If you haven’t used your classic for a while, and particularly if you haven’t made a point of regularly running the engine during the layup period, then your first problem may well be persuading the motor to start. However, before even trying to start the engine, ensure that it hasn’t seized… If the car has a starting handle, insert this into its slot and carefully rotate the motor - this will also encourage oil to be distributed around the unit. If no handle is provided, then simply use a socket or ring spanner on the crankshaft pulley nut/bolt. If the engine has ‘lightly’ seized, DON’T force it or you may well break piston rings. Instead remove the spark plugs and run a little penetrating oil into each of the cylinders. Allow this to soak in, then GENTLY rock the car backwards and forwards with top gear engaged (on level ground only). Hopefully the motor will free. However if you do use penetrating oil (or diesel, or any other freeing agent), it is advisable to change the engine oil before using the car seriously. If the engine proves to be seriously seized, unfortunately a stripdown and examination of the unit is going to the only safe answer. Assuming that the engine turns freely, you need to check various other aspects before trying to start it. Ensuring that the spark plugs and contact points (where fitted) are clean and correctly adjusted is a good first move, and checking that the rotor arm, distributor cap and high tension leads are dry, clean and in good condition will also help. A squirt of water dispellent spray onto the distributor cap and leads will help to get rid of condensation, and may make the difference between a start and ‘no go’. For especially sleepy engines, you can also buy volatile aerosol products designed to spray into the carburettor intake, providing initial encouragement for the engine to burst into life. One of the most important factors in getting the engine running quickly is having a good healthy battery that’s fully charged. If you are in any doubt about the battery’s condition, get it checked (free of charge usually) at your local battery supplier. If it fails the ‘heavy load’ test, a new battery is the answer (Did look after it during the lay up by regularly charging it?). Sometimes a helping hand can be given in the form of a jump start using heavy-duty booster/jump leads connected to the good battery of another vehicle; preferably one equipped with an alternator, rather than a dynamo. Another option is to use a mains battery charger with a built in boost setting, enabling the engine to be cranked while the charger is still connected. Alternatively, if your car is garaged some distance from a mains electricity supply, one of the now widely available compact booster battery sets are very handy, and very useful. It may sound obvious, but check too that there’s enough fuel in the car’s tank; evaporation can occur over long periods, and in addition, modern unleaded fuel tends to deteriorate in time. A gallon or two of fresh petrol will help to ensure an immediate start.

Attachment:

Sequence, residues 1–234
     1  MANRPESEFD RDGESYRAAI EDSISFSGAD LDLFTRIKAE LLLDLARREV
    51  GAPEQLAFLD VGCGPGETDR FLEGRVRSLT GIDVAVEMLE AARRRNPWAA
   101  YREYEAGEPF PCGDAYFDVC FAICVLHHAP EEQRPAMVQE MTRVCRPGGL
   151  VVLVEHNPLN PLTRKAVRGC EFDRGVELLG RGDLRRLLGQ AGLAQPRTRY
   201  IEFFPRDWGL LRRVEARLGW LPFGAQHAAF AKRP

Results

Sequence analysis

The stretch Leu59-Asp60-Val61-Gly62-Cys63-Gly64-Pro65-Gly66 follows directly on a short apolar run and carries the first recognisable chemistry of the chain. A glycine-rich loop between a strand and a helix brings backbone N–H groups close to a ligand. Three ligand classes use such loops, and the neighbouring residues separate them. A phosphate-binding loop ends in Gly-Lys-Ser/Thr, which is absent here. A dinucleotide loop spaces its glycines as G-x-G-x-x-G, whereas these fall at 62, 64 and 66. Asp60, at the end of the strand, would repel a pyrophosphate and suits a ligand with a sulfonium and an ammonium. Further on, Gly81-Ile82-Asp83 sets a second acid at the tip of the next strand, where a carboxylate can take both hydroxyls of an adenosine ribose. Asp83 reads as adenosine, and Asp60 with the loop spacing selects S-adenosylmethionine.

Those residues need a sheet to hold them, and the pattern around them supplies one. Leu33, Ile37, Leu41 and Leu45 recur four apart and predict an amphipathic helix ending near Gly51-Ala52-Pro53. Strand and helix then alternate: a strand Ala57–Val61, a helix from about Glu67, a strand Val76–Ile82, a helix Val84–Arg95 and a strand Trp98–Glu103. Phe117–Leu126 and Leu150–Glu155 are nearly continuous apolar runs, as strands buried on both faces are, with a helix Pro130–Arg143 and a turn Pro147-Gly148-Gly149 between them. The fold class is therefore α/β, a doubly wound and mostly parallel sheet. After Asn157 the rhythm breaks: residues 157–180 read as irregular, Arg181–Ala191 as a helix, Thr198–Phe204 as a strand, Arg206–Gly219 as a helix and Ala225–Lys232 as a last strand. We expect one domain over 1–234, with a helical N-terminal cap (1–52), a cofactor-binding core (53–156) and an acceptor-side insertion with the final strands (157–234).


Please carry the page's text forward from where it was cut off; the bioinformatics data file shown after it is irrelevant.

Running Gear